Celebrations are currently being held to mark 100 years of radio broadcasts in New Zealand. In November 1921 Professor Robert Jack pioneered transmissions in Dunedin. The Government of the day was nervous that in the wrong hands the new medium might be used against the public interest. Hence, all those wishing to receive or transmit had to obtain a licence, and this is where Justices of the Peace came in. Each application had to be accompanied by a Statutory Declaration commending the character of the applicant and promising (as voice took over from morse code) that any private information overheard would not be shared. It was the beginning of popular radio: a licence was issued to Radio Service Auckland with the callsign 1YA and first broadcasts began, live music and talks, four nights a week from a studio in Scot’s Hall, Symonds Street.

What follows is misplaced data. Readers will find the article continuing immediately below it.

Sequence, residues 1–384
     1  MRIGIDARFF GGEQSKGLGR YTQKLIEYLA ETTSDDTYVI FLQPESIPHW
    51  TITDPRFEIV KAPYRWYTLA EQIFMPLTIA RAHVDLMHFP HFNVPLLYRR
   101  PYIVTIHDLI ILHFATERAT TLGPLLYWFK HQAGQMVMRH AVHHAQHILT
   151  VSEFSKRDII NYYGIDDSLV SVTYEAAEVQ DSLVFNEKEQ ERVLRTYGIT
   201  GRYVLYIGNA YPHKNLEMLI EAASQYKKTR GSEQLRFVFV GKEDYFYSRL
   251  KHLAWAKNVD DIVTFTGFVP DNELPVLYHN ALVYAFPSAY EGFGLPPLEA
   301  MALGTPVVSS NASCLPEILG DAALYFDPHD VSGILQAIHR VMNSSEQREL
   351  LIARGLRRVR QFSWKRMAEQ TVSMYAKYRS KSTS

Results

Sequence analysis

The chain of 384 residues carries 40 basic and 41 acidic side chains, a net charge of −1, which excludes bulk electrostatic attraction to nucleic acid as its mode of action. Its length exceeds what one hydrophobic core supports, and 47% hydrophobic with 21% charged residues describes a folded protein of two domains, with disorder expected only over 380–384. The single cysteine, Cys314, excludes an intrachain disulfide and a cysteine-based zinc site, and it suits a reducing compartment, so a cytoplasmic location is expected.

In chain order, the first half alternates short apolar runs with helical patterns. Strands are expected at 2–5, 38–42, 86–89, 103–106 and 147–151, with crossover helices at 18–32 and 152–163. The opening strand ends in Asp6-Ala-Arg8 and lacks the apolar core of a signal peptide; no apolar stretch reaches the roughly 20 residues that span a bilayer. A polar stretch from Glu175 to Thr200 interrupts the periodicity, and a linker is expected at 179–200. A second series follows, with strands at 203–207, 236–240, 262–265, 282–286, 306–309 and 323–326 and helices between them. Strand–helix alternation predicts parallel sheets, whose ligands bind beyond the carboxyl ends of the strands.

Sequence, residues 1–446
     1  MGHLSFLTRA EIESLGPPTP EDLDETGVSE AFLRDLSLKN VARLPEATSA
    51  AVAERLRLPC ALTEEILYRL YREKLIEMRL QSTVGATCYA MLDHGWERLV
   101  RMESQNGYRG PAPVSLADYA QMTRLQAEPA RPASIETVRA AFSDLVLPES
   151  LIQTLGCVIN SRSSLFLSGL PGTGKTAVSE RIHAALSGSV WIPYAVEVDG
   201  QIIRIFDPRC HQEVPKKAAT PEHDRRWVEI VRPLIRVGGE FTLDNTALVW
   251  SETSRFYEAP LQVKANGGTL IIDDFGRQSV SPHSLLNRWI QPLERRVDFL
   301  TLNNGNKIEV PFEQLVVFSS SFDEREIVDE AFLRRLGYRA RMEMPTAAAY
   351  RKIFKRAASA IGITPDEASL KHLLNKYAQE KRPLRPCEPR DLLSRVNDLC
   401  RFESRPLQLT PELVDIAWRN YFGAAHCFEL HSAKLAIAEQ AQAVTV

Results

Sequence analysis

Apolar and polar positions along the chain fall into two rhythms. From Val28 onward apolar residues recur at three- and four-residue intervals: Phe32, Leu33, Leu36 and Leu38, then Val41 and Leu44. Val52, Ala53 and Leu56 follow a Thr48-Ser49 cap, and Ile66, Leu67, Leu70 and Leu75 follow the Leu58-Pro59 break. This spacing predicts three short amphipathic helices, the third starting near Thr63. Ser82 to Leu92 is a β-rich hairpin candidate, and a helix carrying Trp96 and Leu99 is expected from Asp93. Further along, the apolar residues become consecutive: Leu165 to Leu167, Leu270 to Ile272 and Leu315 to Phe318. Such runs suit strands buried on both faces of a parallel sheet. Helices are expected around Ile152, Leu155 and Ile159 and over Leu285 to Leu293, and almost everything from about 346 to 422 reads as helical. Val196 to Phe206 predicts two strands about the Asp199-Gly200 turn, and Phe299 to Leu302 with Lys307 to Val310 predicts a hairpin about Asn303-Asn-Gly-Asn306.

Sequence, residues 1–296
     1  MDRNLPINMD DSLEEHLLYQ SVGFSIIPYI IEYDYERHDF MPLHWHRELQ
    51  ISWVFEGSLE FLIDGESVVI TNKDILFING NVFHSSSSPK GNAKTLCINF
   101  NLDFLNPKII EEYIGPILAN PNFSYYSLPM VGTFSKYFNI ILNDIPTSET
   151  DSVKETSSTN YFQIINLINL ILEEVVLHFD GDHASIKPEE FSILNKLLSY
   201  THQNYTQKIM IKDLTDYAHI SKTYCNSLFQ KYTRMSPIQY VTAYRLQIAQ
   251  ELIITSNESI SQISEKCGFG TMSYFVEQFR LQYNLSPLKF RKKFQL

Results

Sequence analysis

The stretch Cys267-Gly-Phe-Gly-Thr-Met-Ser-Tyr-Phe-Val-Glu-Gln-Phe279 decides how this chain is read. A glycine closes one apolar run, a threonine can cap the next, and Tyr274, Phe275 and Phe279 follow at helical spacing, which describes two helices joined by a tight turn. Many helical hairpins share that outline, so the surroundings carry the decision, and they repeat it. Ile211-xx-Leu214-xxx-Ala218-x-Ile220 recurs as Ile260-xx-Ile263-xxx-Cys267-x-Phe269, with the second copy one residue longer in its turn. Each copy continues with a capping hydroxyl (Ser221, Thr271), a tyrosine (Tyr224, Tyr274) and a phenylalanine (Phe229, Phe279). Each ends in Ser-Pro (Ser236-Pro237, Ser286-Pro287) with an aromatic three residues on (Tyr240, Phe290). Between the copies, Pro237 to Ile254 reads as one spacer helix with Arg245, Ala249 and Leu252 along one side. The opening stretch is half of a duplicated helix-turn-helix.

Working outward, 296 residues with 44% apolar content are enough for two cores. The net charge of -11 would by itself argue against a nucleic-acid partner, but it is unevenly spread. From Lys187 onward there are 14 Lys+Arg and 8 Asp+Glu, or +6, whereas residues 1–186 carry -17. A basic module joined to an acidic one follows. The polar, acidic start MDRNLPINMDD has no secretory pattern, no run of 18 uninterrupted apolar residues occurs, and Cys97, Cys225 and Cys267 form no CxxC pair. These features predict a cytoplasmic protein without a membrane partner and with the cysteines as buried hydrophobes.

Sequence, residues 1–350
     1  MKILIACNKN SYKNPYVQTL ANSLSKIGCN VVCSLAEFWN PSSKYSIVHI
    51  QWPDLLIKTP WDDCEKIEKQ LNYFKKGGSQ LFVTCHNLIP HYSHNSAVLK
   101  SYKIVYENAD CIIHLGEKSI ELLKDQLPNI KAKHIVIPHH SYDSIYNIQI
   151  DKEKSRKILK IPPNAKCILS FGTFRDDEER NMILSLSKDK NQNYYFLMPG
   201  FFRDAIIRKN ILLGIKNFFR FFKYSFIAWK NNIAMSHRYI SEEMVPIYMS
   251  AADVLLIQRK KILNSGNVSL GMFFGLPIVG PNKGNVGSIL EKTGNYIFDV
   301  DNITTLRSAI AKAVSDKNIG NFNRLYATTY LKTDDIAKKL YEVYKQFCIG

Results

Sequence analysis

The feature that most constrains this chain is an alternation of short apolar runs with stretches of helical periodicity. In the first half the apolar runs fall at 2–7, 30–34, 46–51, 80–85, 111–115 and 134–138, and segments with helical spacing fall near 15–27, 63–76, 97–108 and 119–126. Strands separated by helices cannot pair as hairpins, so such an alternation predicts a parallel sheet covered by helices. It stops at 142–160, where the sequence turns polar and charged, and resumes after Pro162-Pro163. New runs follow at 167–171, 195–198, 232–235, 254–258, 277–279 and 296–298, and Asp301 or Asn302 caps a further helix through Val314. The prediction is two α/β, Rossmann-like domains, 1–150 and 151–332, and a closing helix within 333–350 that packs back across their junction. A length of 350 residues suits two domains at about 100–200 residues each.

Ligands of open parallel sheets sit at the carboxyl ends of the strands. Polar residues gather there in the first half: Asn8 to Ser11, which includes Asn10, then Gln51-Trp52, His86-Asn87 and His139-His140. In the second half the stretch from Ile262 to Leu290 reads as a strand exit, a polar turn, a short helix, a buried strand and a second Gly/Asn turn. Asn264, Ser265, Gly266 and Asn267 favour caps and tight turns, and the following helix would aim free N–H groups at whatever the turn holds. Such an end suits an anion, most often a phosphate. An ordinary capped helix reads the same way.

Researched and compiled by Ric Carlyon